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What’s a Recovery-Supportive Workplace Anyway?

(October 2019 [updated September 2021]) When talking to employers about their current challenges, chances are good that you hear about their difficulty finding and retaining good employees.  Part of the challenge is attributed to the unemployment rate, while other factors include a lean employable workforce (often linked to the opioid epidemic) and the increased prevalence of positive drug tests.

Some employers have resorted to eliminating drug tests or no longer testing for marijuana, the most widely used illicit drug.  It’s a fascinating and ironic departure from decades of believing that people with substance use disorder (SUD) – or even those in recovery – suffered from a defect in moral character, treating these people as weak, lazy, irresponsible and an employment risk.  Oftentimes a positive drug test meant refusal to hire or immediate termination.  Now we find ourselves on the opposite end of the spectrum, where some employers feel that the only solution is to ignore employees’ substance misuse and implicitly accept the potential liability and risk associated with it.

Yet, there’s a different response that yields a safer, more responsible and more cost-effective result for the individual employee, their coworkers and the employer.  It’s known as a “recovery-supportive workplace.”  A recovery-supportive workplace is a workplace whose culture and operations reflect an understanding of substance use disorder (also referred to as addiction) and works to motivate and support employees in recovery while protecting the company and its other employees.

Managing risks and yielding benefits

Admittedly, the thought of hiring or retaining a person in recovery with a history of alcohol or other drug issues may bubble up feelings of concern and apprehension.  But because of scientific advancements like brain imaging technology, we now know that substance use disorder is a brain disease that is preventable and treatable – similar to other behavior-related, chronic diseases like heart disease and Type II diabetes.  The key difference is that this disorder is surrounded by stigma. And reducing or eliminating this stigma requires undoing decades of mental programming, which can be tough. It takes exposure to education, research and dialogue to truly accept and adopt this new understanding of addiction as a medical issue.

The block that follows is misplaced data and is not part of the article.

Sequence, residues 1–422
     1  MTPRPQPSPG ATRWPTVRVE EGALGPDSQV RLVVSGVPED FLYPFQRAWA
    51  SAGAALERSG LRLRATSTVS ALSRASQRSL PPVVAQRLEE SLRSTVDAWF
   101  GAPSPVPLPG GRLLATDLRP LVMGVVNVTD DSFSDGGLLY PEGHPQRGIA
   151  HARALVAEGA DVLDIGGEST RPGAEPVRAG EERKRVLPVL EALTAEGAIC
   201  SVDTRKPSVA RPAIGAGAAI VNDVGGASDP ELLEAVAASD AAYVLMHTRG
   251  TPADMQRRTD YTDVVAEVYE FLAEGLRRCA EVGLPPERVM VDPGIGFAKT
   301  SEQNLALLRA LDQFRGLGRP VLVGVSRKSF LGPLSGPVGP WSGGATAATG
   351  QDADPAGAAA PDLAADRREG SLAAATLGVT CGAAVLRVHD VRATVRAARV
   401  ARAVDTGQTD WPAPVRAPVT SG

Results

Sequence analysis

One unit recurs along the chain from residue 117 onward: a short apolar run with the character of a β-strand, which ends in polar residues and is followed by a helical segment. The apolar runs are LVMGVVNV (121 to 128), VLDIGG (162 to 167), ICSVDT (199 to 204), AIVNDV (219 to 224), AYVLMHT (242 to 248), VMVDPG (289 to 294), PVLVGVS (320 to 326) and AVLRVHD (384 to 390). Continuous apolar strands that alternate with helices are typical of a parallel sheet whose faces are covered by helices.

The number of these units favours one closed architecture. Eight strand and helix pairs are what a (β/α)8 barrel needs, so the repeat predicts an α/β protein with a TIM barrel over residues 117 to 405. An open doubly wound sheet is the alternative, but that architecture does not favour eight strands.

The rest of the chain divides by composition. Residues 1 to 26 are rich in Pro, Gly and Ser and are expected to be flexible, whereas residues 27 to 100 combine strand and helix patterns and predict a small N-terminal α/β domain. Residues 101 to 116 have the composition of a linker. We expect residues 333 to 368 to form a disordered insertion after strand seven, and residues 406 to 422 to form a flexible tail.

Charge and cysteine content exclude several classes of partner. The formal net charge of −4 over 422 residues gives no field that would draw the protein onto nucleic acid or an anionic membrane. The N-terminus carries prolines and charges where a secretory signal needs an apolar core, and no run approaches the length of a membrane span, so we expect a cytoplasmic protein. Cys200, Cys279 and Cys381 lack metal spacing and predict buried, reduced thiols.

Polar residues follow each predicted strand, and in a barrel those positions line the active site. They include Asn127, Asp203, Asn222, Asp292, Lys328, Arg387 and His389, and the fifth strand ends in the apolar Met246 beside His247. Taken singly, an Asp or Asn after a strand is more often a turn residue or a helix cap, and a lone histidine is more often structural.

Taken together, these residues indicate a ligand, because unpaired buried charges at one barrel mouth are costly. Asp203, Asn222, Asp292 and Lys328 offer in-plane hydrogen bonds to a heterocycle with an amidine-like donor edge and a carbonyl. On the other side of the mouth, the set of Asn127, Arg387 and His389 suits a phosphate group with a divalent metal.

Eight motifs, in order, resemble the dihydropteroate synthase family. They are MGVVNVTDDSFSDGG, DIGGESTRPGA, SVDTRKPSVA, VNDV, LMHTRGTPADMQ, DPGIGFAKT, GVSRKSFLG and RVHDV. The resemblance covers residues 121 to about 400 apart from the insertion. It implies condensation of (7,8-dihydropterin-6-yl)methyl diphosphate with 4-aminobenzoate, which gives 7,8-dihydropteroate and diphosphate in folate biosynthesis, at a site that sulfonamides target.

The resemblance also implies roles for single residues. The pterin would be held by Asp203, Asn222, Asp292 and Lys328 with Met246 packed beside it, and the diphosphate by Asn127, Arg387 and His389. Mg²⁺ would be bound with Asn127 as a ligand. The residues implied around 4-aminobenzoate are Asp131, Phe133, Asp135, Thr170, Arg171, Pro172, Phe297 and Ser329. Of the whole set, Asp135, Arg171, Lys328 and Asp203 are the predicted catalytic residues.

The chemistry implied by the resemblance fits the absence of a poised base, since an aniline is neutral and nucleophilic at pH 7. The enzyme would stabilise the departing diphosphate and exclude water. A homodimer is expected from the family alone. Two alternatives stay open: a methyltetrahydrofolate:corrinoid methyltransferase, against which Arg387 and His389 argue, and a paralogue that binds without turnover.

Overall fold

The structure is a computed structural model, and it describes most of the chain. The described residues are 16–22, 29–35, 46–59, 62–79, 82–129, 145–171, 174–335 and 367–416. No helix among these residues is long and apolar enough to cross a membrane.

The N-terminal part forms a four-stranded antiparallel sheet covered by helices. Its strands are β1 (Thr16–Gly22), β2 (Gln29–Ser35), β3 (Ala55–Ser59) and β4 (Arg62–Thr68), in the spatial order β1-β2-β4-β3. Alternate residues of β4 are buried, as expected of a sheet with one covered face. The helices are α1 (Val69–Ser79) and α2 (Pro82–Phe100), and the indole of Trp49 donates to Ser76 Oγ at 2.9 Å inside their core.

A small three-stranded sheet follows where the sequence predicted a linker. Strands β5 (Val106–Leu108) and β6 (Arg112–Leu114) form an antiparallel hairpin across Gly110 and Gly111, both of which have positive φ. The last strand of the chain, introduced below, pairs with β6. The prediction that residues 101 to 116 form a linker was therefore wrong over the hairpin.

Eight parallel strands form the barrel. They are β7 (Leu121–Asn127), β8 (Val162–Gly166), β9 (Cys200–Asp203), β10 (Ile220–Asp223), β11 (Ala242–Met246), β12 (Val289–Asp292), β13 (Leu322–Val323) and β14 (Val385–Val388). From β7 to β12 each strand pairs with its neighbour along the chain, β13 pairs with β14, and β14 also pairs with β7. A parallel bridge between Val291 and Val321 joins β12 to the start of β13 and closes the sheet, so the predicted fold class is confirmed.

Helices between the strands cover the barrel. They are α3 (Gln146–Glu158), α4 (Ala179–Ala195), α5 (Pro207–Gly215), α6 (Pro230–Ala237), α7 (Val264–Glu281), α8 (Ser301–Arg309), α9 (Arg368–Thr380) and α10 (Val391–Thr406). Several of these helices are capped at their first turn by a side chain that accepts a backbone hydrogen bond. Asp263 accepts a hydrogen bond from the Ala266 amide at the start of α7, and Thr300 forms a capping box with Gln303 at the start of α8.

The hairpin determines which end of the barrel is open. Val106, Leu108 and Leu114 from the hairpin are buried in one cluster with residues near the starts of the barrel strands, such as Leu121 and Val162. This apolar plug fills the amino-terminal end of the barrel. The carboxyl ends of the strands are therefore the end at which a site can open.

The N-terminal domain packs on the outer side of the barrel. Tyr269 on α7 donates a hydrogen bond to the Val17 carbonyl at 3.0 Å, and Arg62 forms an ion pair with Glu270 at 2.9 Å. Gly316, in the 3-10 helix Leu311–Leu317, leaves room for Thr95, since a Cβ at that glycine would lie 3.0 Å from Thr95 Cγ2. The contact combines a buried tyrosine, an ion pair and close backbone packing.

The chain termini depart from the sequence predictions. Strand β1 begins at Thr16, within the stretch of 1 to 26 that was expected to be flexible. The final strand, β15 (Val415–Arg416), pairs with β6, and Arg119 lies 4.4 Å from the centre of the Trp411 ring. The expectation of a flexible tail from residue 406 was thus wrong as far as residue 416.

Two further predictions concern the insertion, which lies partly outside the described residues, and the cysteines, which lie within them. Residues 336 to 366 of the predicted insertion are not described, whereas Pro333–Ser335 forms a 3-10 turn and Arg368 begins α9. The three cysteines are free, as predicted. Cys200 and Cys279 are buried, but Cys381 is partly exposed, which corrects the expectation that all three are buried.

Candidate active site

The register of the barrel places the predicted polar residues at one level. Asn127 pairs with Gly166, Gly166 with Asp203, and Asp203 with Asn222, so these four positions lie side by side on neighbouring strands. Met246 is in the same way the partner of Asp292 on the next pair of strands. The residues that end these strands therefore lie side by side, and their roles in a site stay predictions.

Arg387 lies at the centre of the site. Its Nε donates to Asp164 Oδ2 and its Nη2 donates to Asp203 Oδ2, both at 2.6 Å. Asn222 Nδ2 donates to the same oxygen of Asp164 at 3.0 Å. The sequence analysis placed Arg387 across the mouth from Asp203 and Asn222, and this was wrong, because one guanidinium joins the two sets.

At the same time, symptoms of the disease – like working or driving under the influence – are scary and dangerous. So, it’s no wonder some employers have concerns about safety, liability and productivity, as well as concerns about employees in recovery having a setback (also known as a relapse).  But treatment based on proven methods and matched to the unique needs of the individual works.

It’s important to remember, though, that like other diseases, substance use disorder must be managed over a lifetime.  Sometimes relapse does occur, which typically means treatment needs to be adjusted.  Yet, relapse rates for SUD are comparable to those treated for high blood pressure.  And having a job actually improves the chances of staying in recovery, because the individual has a sense of purpose and contribution, and a support system.  What’s more, a recovery-supportive work environment can help to prevent a setback.

It’s not just the employee that benefits from a supportive workplace. Employers who offer second chances benefit too.  The skill-set required to maintain life-long recovery are valued by many employers, e.g., determination, sharp problem-solving and coping skills, grit, resilience and commitment.  Additionally, research shows that employees in recovery have lower turnover, absenteeism and health care costs than the general workforce.  On top of that, terminating an employee instead of offering assistance can be expensive – costing an employer an estimated 25 – 200% of an employee’s annual compensation to replace them – not to mention the loss of all of that knowledge and experience.